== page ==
Best Fruit Juices for Constipation

Sooner or later, it happens to most everyone — constipation. If you’re looking for a natural alternative to taking a medicinal laxative, certain kinds of fruit can often relieve constipation by virtue of their fiber and sugar content. Eating fruit with laxative effects, along with drinking plenty of fluids and participating in regular physical activity, can usually get things moving again in short order. Prunes and Plums Prunes are the “superfruit” when it comes to relieving constipation. The laxative effect of prunes is due to high concentrations of the naturally occurring sugar sorbitol and plant fiber. Your intestines cannot break down sorbitol. When you eat sorbitol-rich fruit, the undigested sugar pulls large amounts of water into your intestines, which helps push the stool through and promotes bowel movements. This effect is so predictable that manufactured sorbitol is sometimes used as a medicinal laxative. The high fiber content of prunes adds stool bulk, which also promotes movement of fecal material through your bowels. Prunes, which are dried plums, provide you with more concentrated sorbitol and fiber than their fresh counterparts. If you prefer fresh plums, they provide the same benefits if you eat enough of them. Prune juice is another option. Everyone’s digestive system responds differently, so you may need to experiment to find out how many prunes or plums will relieve your constipation. In an April 2011 article published in “Alimentary Pharmacology & Therapeutics,” Dr. Ashok Attaluri and colleagues found that 50 g of prunes — roughly four or five prunes — twice daily, were more effective than psyllium for the treatment of mild to moderate constipation. Pears If you don’t like prunes and plums, not a problem. Pears are also high in sorbitol and fiber. To get the […]
By |December 5th, 2013|Constipation, Diet|0 Comments

Fiber for Preventing or Treating Constipation

Fiber may just be the way to go when constipation is the problem. Although what constitutes constipation is not well established, diets that increase the number of bowel movements per day, improve the ease with which a stool is passed, or increase stool bulk are considered beneficial. Both soluble and insoluble fibers are necessary for regular bowel movements. Oftentimes, people use over-the-counter supplements to assist with regularity. Unfortunately, these supplements only provide soluble fiber. Studies support the benefits of the combination of soluble and insoluble fiber in alleviating constipation, but only with the consumption of an adequate fluid intake. High amounts of fiber, without fluids, can aggravate, rather than alleviate constipation. The way to go is to eat foods high in both soluble and insoluble fibers and drink lots of water to flush it down. The average American’s daily intake of fiber is about 5 to 14 grams per day. The current recommendations from the National Academy of Sciences, Institute of Medicine are to achieve an adequate intake (AI) of fiber based on your gender and age. The AI is expected to meet or exceed the average amount needed to maintain a defined nutritional state or criterion of adequacy in essentially all members of a specific healthy population. AI Fiber Intake for Men Age Fiber grams/day 19 to 30 years 38 g/d 31 to 50 years 38 g/d 51 to 70 years 30 g/d 70+ years 30 g/d AI Fiber Intake for Women Age Fiber grams/day 19 to 30 years 25 g/d 31 to 50 years 25 g/d 51 to 70 years 21 g/d 70+ years 21 g/d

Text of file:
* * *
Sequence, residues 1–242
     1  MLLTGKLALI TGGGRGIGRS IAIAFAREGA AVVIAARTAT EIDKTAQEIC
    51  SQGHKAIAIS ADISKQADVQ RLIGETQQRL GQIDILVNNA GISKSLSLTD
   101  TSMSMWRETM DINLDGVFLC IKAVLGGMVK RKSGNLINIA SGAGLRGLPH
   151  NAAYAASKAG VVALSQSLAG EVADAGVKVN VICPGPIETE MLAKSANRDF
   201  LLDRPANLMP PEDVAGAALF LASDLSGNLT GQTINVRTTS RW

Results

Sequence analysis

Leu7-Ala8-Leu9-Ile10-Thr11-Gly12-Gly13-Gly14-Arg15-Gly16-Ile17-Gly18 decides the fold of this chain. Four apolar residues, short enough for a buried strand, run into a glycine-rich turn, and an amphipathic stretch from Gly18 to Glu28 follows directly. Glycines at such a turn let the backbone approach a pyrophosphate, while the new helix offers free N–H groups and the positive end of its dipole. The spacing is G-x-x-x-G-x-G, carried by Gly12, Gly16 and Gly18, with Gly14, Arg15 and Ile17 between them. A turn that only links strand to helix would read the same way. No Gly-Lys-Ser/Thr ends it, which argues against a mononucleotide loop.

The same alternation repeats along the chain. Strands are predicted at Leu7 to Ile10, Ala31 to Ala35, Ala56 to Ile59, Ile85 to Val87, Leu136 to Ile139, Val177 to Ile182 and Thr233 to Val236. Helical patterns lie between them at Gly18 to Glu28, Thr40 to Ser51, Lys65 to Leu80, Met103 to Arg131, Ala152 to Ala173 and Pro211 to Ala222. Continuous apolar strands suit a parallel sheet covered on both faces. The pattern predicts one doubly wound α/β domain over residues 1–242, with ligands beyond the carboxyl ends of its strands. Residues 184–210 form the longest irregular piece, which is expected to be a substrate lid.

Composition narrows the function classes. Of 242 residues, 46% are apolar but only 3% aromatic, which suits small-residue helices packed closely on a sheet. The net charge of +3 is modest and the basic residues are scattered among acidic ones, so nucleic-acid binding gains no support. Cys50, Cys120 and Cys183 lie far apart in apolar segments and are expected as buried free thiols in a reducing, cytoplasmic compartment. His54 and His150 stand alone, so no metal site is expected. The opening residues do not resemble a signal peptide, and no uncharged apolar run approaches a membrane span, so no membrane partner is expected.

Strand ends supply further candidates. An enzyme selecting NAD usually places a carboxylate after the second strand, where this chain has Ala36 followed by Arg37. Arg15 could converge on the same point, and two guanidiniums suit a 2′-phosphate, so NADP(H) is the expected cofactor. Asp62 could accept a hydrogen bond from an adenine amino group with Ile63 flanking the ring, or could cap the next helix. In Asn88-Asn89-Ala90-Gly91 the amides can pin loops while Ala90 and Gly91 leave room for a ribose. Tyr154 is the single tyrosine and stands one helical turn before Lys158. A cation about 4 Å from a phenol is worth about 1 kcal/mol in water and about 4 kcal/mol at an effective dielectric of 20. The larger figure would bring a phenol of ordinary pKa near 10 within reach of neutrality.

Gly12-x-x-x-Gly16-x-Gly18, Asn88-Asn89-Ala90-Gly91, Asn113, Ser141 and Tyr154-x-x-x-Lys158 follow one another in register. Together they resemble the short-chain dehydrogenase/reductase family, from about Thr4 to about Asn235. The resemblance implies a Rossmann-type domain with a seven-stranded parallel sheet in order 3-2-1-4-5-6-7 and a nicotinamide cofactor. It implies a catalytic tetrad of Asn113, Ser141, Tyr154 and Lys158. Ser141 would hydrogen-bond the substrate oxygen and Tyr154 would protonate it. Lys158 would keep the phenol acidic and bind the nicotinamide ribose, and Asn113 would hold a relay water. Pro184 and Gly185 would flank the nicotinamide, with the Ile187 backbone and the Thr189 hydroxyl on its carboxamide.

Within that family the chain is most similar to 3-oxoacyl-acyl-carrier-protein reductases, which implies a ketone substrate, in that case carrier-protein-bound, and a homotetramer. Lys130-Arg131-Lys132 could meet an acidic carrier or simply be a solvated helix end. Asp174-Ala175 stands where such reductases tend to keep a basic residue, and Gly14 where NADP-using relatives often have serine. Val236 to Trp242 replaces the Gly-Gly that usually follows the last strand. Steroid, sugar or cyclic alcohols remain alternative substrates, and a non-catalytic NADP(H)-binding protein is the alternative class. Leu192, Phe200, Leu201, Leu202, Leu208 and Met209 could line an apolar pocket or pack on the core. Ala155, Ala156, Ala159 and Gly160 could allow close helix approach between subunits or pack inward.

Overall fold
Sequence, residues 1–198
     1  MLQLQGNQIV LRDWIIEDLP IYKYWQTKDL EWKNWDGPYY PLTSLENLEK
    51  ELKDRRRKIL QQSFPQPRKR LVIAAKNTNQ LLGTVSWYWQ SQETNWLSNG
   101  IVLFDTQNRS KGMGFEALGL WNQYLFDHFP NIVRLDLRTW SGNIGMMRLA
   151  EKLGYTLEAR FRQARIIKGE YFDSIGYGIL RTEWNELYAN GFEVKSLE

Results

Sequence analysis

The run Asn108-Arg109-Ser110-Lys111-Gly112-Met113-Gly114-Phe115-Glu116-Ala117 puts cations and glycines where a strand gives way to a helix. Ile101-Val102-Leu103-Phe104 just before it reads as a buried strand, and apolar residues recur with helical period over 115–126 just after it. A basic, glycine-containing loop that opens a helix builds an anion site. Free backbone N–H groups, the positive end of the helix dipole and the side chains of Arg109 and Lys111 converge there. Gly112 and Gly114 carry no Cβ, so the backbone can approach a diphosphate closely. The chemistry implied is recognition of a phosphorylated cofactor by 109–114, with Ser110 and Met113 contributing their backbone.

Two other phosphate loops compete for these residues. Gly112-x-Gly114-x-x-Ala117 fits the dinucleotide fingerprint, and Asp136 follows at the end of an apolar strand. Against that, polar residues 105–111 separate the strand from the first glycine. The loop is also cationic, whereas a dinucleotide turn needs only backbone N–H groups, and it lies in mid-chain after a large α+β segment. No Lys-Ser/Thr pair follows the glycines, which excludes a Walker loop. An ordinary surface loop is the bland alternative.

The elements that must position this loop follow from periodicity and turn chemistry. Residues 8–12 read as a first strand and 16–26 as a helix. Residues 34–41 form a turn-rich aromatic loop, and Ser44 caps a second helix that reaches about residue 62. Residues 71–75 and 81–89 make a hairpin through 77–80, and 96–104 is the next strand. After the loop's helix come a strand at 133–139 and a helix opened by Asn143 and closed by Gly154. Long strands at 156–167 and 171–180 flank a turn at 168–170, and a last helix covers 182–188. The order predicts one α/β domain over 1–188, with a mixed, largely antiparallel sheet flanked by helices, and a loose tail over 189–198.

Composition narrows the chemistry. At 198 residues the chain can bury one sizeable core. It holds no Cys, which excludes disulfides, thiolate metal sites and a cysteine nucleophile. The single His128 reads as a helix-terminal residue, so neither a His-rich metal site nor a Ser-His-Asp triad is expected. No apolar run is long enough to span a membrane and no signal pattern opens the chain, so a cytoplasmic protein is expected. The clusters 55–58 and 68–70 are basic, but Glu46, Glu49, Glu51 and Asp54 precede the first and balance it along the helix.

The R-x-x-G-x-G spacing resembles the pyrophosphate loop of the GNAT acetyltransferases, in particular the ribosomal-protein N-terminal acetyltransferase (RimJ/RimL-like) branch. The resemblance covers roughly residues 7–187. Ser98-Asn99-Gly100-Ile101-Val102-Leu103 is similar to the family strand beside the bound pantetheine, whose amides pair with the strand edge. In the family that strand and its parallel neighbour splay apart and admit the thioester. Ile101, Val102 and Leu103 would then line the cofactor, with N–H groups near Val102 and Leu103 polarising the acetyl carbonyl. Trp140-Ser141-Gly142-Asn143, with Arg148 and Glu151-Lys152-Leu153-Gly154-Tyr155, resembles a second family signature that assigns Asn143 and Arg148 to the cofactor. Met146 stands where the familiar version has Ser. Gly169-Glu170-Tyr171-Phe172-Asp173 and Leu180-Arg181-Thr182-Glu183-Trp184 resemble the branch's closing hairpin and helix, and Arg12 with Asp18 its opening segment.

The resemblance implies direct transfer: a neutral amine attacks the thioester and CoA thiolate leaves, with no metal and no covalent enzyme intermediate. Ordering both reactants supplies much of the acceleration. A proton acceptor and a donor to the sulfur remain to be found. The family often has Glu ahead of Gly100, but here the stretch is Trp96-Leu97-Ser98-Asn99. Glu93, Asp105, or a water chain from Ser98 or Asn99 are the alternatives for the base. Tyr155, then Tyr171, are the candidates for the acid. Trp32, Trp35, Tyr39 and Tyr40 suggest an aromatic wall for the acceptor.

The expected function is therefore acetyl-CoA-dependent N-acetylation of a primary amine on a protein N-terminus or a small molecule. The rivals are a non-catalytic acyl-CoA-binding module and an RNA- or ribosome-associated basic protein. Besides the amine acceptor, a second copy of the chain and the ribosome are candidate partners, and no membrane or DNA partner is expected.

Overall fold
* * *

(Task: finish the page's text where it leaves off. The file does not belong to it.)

By |October 18th, 2013|Diet|0 Comments